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Food safety expert shares how Yuma keeps produce safe

How to keep produce safe

YUMA, Ariz. - This week on Home Grown we talked about food safety and how consumers also play a crucial part in keeping produce safe.

 

News 11 met with Amanda Brooks, food safety director at Harrison Farms. 

 

“Our ultimate goal is to provide safe produce to our consumers,” she said.

 

Harrison farms grows about 5,000 acres of produce in Yuma County.

 

Brooks believes food safety has come a long way.

 

“The Arizona Leafy Greens Marketing Agreement started in 2007 after the E Coli outbreak in 2006 and at that time the farmers and the shippers came together and voluntarily put this program together,”  Brooks said.

 

Paul Brierley, head of the Yuma Center of Excellence for Desert Agriculture (YCEDA) shared how important of a subject this is to the agriculture business. 

 

 

“There are government regulations around food safety, but the industry goes even further because they care so much about their product being safe," he said. "The industry standards they impose on themselves and the work they do through the Center for Produce Safety and Center of Excellence for Desert Agriculture is above and beyond what’s mandated by the government," he added.

 

For Brooks, she takes her job very personally.

 

“When I think of why it’s important I think of my family and I don’t want anyone in my family to get sick, I don’t want anyone in your family to get sick," she said.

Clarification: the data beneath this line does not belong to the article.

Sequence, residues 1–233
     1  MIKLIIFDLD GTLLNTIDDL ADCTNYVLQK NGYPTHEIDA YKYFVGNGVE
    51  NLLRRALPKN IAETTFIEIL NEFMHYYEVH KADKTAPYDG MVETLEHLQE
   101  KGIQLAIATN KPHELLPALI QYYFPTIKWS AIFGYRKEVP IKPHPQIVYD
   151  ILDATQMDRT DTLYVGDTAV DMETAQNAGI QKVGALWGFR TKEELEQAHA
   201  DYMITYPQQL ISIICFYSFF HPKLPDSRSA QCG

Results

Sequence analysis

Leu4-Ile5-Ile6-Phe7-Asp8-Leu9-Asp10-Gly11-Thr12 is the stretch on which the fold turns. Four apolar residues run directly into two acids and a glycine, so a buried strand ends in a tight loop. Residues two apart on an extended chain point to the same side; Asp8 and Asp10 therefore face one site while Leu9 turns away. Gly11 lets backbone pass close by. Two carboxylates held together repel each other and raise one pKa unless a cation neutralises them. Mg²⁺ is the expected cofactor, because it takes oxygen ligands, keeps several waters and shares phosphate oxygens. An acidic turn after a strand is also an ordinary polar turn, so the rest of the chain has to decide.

Brooks even mentioned there are things consumers can do to keep produce safe.

 

She suggests always washing your hands before prepping food, washing your produce and using separate cutting boards for meat and for produce.

 

Brooks helped form the Yuma Safe Produce Council. They have a list of five things which involve the community to help with harvesting safer foods. 

 

“The five things we ask the community to do to help us to keep food safe is when you’re walking your pets please keep them on a leash and pick up after your pets, we ask that if you have horses or other animals that you exercise them away from our fields, do not liter and do not enter our agriculture fields, and never dump or dispose of any substances in our ditches and canals," she said.

 

There are a lot of steps to getting the food safely from the field to your plate.

 

“We start in August before anything is planted in the ground and we do what we call a pre-season inspection where we go out and look at the field and the surrounding areas and we identify what could be a potential hazard and we always say the first step in food safety is prevention so we try to prevent any risks from being there in the first place," she said.

 

Then they do an annual training with all of their employees which covers good agriculture practices, personal hygiene and field security.

 

Then they monitor the crops very closely throughout its growth.

 

“When it’s time to harvest we do a daily harvest inspection where again, they look at the field even more closely," she said.

 


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